People with anorexia have been found to have certain personality traits that are thought to predispose them to develop eating disorders. High levels of obsessionality (being subject to intrusive thoughts about food and weight-related issues), restraint (being able to fight temptation), and clinical levels of perfectionism (the pathological persuit of personal high-standards and the need for control) have been cited as commonly reported factors in research studies.
It is often the case that other psychological difficulties and mental illnesses exist alongside anorexia nervosa in the sufferer. Clinical depression, obsessive compulsive disorder, substance abuse and personality disorder are the most likely conditions to be comorbid with anorexia, and high-levels of anxiety and depression are likely to be present regardless of whether they fulfill diagnostic criteria for a specific syndrome.
Research into the neuropsychology of anorexia has indicated that many of the findings are inconsistent across studies and that it is hard to differentiate the effects of starvation on the brain from any long-standing characteristics. Nevertheless, one reasonably reliable finding is that those with anorexia have poor cognitive flexibility (the ability to change past patterns of thinking, particularly linked to the function of the frontal lobes and executive system).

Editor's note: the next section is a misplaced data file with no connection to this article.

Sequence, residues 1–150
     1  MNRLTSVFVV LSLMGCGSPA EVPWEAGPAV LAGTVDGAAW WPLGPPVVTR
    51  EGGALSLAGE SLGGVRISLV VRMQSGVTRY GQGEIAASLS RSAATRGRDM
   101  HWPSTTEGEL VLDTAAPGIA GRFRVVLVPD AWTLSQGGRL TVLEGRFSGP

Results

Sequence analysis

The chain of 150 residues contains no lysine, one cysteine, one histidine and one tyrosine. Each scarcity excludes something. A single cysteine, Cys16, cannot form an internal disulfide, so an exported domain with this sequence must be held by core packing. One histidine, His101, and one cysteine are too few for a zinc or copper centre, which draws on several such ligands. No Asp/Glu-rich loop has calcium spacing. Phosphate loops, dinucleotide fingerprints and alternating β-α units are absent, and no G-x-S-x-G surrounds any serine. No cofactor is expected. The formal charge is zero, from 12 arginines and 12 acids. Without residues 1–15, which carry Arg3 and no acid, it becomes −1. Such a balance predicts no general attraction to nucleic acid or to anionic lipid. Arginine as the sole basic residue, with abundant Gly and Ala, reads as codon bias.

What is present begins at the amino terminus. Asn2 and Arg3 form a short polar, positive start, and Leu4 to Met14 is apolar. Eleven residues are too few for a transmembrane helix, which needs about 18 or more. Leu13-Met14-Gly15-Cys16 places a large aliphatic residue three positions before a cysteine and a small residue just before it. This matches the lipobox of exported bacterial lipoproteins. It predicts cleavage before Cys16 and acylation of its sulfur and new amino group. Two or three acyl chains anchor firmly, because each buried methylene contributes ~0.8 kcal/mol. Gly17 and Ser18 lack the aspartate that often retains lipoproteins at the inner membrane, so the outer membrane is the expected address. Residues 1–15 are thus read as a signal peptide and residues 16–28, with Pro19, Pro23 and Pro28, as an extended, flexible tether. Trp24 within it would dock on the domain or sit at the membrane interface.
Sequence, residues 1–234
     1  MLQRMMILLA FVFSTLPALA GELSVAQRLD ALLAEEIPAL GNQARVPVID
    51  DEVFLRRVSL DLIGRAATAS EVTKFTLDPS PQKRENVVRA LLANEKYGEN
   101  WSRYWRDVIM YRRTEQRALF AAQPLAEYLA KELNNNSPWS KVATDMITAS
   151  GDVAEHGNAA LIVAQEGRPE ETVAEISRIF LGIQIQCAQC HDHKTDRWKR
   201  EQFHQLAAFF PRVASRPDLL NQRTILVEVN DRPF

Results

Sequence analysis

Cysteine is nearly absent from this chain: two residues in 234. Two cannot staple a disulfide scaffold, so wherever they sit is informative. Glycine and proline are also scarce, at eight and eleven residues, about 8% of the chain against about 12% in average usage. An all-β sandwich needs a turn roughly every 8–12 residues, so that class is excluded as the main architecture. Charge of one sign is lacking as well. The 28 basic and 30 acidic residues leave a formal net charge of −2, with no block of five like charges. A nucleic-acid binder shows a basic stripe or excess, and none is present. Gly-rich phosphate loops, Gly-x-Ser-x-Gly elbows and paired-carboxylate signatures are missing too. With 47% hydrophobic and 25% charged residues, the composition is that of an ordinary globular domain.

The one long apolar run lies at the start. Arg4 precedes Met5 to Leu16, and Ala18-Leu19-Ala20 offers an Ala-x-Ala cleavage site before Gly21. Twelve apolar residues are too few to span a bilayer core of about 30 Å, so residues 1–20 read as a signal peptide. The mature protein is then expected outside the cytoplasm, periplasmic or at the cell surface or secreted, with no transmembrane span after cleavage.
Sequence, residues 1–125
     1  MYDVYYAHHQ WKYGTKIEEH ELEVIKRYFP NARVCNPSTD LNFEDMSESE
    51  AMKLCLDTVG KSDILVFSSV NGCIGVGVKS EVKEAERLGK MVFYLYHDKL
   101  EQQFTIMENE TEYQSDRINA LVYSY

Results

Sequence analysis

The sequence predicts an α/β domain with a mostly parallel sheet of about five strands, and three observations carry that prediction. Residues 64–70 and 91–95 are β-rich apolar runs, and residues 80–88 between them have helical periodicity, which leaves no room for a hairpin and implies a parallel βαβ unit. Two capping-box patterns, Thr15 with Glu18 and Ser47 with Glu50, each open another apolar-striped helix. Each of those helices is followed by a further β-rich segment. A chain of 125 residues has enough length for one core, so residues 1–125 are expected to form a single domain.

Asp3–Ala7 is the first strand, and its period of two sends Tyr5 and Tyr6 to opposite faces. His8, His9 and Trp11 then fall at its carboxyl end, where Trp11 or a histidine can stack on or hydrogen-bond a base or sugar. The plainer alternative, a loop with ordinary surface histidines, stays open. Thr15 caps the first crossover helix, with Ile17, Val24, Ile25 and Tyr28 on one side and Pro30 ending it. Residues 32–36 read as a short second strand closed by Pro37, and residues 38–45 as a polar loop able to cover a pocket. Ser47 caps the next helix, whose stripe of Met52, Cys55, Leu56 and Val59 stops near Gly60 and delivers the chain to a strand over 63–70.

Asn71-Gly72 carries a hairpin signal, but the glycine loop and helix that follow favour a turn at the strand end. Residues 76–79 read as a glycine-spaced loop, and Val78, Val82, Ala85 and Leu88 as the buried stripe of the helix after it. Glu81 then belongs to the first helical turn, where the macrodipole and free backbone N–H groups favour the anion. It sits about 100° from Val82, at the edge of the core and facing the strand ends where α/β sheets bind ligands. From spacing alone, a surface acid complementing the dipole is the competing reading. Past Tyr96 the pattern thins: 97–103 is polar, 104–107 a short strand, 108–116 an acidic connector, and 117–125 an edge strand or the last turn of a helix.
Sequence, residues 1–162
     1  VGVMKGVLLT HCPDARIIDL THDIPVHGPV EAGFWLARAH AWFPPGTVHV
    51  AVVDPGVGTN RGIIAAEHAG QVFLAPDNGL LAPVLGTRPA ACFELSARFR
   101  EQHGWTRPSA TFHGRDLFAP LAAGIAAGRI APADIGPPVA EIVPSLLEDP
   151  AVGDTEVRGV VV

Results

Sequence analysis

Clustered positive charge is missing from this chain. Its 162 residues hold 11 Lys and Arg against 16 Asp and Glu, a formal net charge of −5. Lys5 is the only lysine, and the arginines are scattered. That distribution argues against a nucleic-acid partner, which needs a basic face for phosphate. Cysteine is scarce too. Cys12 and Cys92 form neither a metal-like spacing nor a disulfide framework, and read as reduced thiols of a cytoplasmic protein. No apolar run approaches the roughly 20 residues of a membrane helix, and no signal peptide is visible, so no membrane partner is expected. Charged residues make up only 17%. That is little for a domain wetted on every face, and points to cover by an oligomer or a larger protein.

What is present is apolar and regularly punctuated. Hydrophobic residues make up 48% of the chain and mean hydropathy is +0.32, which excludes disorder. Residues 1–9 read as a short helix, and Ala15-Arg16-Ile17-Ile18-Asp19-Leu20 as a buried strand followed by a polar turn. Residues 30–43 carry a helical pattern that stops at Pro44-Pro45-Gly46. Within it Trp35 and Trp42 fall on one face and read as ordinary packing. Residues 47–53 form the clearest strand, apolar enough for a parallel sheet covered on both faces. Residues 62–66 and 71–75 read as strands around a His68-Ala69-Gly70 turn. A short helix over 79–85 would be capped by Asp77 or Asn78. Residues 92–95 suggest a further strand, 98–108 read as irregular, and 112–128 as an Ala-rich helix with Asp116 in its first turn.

Other studies have suggested that there are some attention and memory biases that may maintain anorexia. Attentional biases seem to focus particularly on body and body-shape related concepts, making them more salient for those affected by the condition, and some limited studies have found that those with anorexia may be more likely to recall related material than unrelated material.
Although there has been quite a lot of research into psychological factors, there are relatively few theories which attempt to explain the condition as a whole.
Fairburn and colleagues have created a 'transdiagnostic' model, in which they aim to explain how anorexia, as well as related disorders such as bulimia nervosa and ED-NOS, are maintained. There model is developed with psychological therapies, particularly cognitive behaviour therapy, in mind, and so suggests areas where clinicians could provide psychological treatment.
Their model is based on the idea that all major eating disorders (with the exception of obesity) share some core types of psychopathology which help maintain the eating disorder behaviour. This includes clinical perfectionism, chronic low self-esteem, mood intolerance (inability to cope appropriately with certain emotional states) and interpersonal difficulties.
Social and environmental factorsEdit
Sociocultural studies have highlighted the role of cultural factors, such as the promotion of thinness as the ideal female form in Western industrialised nations, particularly through the media. A recent epidemiological study of 989,871 Swedish residents (almost the entire population) indicated that gender, ethnicity and socio-economic status were large influences on the chance of developing anorexia, with those with non-European parents among the least likely to be diagnosed with the condition, and those in wealthy, white families being most at risk. A classic study by Garner and Garfinkel demonstrated that those in professions were there is a particular social pressure to be thin (such as models and dancers) were much more likely to develop anorexia during the course of their career, and further research has suggested that those with anorexia have much higher contact with cultural sources that promote weight-loss.